A precocious young lady, around five years of age, strode to the self checkout machine, lugging two boxes of chocolate, sugar coated cereal. I looked about for a parent but saw none.
“How are you today?” I enquired.
“Just fine,” she said primly. “How are you?”
“Fine, thank you. Are you going to buy those?” I asked.
“Oh yes,” she replied as she continued her march to the machine
“Do you know how to use the self checkout?”
“Of course,” she said brightly.
Many adults can’t but this child seemed so confident, I wouldn’t have been surprised if she really could. However, I thought I should slow her down a bit.
“Did you bring your money with you?”
“Umm,” she paused, and then said, “You know… I’m pretty sure I left my money at home.”
“Perhaps we should wait until the person who brought you can help you can pay…”
She was not to be dissuaded but then a woman of grandparently visage entered the scene.
“What are you doing here and where did you get that cereal!?” she demanded.
The young lady transformed into a whiny baby in an instant, complete with tears and angst.
“Aaaaahhhh, But I wanna buy this MYSELF!”
“We’re not ready to pay yet,” tired grandma said, “And we’re not buying that stuff anyway.”
“But a WAAANT it!” yelled the once prim lady
I walked away to let them work it out for themselves and I could hear the threatening cadence of the grandmother’s voice–something about taking her straight home without stopping for ice cream while the girl continued to protest vigorously.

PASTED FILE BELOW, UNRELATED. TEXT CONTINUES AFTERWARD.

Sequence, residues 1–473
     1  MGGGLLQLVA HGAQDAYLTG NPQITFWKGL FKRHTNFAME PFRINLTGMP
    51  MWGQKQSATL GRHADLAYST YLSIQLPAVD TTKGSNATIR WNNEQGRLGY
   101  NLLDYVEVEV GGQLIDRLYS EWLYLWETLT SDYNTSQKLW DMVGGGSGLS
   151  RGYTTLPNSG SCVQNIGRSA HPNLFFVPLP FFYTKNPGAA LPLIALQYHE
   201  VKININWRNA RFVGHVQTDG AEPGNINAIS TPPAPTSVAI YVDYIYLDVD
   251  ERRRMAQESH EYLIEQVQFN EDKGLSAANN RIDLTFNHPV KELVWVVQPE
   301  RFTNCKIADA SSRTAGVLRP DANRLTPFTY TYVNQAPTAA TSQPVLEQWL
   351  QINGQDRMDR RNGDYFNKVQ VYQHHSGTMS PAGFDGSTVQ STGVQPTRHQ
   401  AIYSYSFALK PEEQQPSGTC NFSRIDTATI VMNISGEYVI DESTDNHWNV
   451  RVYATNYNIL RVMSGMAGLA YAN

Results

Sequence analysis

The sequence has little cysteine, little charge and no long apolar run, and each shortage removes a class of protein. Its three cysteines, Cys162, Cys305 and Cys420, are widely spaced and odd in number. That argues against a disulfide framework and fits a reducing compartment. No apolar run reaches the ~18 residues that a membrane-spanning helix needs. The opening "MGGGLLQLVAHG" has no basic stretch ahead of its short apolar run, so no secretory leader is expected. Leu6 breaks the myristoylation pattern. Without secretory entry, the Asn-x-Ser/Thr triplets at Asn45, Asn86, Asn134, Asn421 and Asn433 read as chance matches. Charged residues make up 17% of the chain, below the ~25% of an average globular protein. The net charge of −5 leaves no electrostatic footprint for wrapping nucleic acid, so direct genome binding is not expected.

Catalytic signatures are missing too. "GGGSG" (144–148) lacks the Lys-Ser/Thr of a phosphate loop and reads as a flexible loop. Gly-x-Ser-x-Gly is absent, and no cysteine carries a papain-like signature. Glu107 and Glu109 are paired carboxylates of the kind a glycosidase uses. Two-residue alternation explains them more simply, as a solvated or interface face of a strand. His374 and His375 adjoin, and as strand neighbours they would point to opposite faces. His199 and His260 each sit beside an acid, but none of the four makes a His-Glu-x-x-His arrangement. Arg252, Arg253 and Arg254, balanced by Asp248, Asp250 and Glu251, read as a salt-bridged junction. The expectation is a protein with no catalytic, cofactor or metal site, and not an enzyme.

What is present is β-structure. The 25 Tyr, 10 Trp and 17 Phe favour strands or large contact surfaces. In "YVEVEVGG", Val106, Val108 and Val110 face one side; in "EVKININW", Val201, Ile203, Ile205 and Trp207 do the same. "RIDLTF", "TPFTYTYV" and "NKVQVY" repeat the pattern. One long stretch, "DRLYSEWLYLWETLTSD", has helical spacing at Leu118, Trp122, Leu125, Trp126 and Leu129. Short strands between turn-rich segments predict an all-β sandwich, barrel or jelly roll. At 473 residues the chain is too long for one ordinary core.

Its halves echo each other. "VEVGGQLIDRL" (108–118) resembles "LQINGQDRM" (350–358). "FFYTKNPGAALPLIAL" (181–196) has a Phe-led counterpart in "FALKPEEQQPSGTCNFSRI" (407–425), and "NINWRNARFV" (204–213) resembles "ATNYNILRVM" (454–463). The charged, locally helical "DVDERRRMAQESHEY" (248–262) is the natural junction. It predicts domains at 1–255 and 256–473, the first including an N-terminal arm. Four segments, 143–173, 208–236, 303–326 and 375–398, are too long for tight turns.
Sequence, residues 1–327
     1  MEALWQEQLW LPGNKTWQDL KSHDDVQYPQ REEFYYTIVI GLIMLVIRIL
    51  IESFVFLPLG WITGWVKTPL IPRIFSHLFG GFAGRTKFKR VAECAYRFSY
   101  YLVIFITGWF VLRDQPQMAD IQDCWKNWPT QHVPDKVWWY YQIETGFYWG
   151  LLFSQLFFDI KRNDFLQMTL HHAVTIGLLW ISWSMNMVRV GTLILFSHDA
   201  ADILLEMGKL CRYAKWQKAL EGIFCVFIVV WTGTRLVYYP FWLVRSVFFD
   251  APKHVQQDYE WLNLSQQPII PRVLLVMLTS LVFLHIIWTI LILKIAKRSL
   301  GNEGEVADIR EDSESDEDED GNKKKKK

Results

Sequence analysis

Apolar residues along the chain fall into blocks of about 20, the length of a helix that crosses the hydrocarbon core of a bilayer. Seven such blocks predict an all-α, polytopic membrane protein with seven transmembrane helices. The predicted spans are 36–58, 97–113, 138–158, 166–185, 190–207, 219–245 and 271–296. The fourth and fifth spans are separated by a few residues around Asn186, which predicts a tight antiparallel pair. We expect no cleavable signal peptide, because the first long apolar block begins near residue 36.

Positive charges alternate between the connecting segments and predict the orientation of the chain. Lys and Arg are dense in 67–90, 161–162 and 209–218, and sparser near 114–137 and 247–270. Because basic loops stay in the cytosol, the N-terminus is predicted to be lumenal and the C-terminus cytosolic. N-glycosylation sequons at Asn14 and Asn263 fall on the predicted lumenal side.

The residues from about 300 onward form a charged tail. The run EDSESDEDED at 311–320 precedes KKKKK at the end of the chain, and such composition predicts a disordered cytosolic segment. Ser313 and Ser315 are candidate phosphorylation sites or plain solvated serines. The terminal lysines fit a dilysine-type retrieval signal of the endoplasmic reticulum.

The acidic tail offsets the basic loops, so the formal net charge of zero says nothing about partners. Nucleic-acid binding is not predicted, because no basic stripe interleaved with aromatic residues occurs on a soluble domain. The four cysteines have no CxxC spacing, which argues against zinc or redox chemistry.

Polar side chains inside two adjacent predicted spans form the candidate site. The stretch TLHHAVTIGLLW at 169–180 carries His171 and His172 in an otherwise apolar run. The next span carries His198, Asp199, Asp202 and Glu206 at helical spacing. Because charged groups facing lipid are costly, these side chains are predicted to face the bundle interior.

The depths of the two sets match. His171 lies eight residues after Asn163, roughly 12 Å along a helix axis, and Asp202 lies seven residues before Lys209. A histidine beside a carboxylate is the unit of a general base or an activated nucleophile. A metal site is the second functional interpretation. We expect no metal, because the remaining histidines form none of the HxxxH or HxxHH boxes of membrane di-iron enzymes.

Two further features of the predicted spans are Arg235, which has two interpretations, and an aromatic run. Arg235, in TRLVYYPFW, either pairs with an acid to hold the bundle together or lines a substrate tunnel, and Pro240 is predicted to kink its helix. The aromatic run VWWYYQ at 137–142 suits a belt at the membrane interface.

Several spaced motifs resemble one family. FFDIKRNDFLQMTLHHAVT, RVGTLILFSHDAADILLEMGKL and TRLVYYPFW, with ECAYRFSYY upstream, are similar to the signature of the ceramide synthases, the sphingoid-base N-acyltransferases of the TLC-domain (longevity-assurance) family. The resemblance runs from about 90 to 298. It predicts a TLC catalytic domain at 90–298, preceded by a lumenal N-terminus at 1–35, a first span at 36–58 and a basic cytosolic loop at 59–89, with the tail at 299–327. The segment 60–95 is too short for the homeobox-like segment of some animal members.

Later, I encountered another young girl, again around five years old. This time I was manning the more conventional register when she came through the line with her parents. She carried a pink toy scepter that lit up on the end. Anyone could see it was special and understand why she clutched it so tightly.
“So… are you really a princess?” I asked.
She ignored my question, and earnestly explained, “I did not get this from the store. I brought it in with me. I’m not trying to steal it or anything.”
I nodded and told her I understood, but she went on to say again: “It’s already mine. I’m not taking it.”
“I understand. Thank you for telling me.”
She told me one more time that she wasn’t stealing it. Again, I nodded.
Her parents smiled as they rolled their eyes… I think they’d seen her caution and precision before. I told them that their child was quite impressive.
Actually, both children had their charms. I’ve no judgment against the first little girl, other than I found her entertaining. But just like adults I’ve known, one of them only looked mature while the other one really was mature.
I would be very happy to find out the second child actually is a princess because it’s clear she already has nobility within her.
Wouldn’t it be great if we had more adults who were that conscientious, precise, and communicative, rather than using a shiny veneer to hide their being selfish and whiny?
I’m sure these two children will grow up to be lovely versions of themselves. I hope we adults can grow up to do the same.
2 thoughts on “Nobility Over Veneer”
I can’t help but note that it was your personal affirmation and whimsy that brought out such delightfulness in the first child — which was squelched by her unhappy oldster. You made me examine my own behavior when I get tired and cranky. Thanks! I needed that.
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Perhaps, but I think the child was headed in a direction where somebody was going to have to squelch her.